From Event: SPIE Commercial + Scientific Sensing and Imaging, 2018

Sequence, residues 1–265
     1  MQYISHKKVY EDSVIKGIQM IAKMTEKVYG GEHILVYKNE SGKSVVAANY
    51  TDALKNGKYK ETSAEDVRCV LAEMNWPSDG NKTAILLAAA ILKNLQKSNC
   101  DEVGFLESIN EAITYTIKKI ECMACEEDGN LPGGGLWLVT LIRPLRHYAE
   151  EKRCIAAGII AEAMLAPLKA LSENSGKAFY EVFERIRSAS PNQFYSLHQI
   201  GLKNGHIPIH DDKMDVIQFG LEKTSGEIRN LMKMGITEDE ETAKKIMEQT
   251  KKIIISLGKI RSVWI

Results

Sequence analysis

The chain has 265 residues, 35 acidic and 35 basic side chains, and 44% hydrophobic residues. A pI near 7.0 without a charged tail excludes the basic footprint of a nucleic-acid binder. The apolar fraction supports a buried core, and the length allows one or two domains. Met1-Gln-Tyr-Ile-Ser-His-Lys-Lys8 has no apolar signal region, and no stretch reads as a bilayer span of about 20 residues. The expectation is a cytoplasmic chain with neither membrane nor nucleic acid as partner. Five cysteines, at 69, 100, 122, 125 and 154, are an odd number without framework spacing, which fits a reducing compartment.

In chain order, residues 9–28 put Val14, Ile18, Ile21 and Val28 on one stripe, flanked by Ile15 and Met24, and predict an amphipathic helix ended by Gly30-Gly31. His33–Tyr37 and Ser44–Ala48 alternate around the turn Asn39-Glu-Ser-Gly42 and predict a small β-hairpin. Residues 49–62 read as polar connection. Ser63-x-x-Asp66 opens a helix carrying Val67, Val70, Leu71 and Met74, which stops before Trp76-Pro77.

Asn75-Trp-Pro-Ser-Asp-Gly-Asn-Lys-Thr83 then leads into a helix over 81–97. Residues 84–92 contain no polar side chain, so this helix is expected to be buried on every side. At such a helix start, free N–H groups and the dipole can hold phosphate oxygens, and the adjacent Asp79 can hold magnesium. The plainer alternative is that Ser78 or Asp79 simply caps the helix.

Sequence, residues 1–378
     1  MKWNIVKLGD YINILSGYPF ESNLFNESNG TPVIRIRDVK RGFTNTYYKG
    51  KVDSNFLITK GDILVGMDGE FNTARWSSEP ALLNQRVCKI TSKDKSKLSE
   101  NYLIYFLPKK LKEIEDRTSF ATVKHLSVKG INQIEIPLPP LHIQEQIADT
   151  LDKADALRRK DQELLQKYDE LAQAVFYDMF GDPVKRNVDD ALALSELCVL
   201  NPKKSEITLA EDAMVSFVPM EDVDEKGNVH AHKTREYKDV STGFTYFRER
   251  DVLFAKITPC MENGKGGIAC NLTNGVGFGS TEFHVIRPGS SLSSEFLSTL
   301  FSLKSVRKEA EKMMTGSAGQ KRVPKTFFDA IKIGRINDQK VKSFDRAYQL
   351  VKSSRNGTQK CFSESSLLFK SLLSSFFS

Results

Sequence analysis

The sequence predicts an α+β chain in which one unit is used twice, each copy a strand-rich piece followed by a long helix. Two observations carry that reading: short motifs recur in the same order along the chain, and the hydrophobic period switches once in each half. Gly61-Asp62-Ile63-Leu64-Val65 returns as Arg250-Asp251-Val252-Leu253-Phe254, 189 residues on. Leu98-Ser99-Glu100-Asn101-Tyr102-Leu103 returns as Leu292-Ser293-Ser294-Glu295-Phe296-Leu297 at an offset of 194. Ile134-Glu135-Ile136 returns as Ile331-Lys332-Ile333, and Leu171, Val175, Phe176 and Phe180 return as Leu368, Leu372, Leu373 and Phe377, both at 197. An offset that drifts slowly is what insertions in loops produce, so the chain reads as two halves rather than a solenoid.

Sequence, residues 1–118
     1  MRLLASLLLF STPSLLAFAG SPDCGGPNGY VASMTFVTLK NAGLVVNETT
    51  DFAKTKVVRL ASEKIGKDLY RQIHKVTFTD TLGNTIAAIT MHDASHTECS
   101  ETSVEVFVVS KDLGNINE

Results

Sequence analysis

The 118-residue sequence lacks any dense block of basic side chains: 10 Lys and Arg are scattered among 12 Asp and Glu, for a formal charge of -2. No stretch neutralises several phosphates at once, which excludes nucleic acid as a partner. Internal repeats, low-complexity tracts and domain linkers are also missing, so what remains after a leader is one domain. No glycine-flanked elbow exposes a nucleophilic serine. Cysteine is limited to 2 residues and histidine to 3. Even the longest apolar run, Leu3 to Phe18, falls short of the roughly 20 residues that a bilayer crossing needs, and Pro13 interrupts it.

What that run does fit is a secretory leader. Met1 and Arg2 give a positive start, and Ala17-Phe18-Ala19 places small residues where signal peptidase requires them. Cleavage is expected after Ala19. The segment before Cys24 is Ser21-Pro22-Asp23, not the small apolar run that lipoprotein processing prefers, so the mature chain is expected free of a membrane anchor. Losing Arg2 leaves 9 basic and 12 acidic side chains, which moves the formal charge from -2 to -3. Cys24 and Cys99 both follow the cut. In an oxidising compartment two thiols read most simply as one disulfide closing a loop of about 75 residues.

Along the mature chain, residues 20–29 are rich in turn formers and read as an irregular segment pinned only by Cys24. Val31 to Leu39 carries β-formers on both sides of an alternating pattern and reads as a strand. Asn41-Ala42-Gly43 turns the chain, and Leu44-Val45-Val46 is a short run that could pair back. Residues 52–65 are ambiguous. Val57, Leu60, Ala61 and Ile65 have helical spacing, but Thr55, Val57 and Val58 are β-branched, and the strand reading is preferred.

All material surfaces are covered with strong infrared/terahertz (IR/THz) evanescent waves since all materials contain positive and negative charges and the charge movement generates local electromagnetic waves at finite temperature. Previous theoretical analyses suggest that the thermal evanescent waves on metals and dielectrics are strongly localized within 100 nm from the surface, the energy density is more than 10000 times higher than the one of Planck’s radiation and their spectra lie in THz regions (wavelength: 8～20 μm). Probing such spontaneous evanescent waves with nanoscale spatial resolution can visualize the local dynamics of thermal equilibrium and non-equilibrium phenomena. Recently we have developed a passive scanning near-field optical microscope (SNOM), which probes surface evanescent waves without any external illumination. The microscope consists of a confocal infrared microscope, and an ultra-highly sensitive detector, named the charge-sensitive infrared phototransistor (CSIP, wavelength range is 14.5 ± 0.7 μm). In this presentation, we first describe the development of the passive SNOM. Then we show the results obtained with the SNOM; thermal evanescent waves on metals and dielectrics, and nanoscale distribution of evanescent waves derived from non-equilibrium phenomena in two dimensional electron gas. Our SNOM should open up a new way of investigating material surfaces in general and provide a novel technique of probing local temperature/electro-magnetic field distribution.
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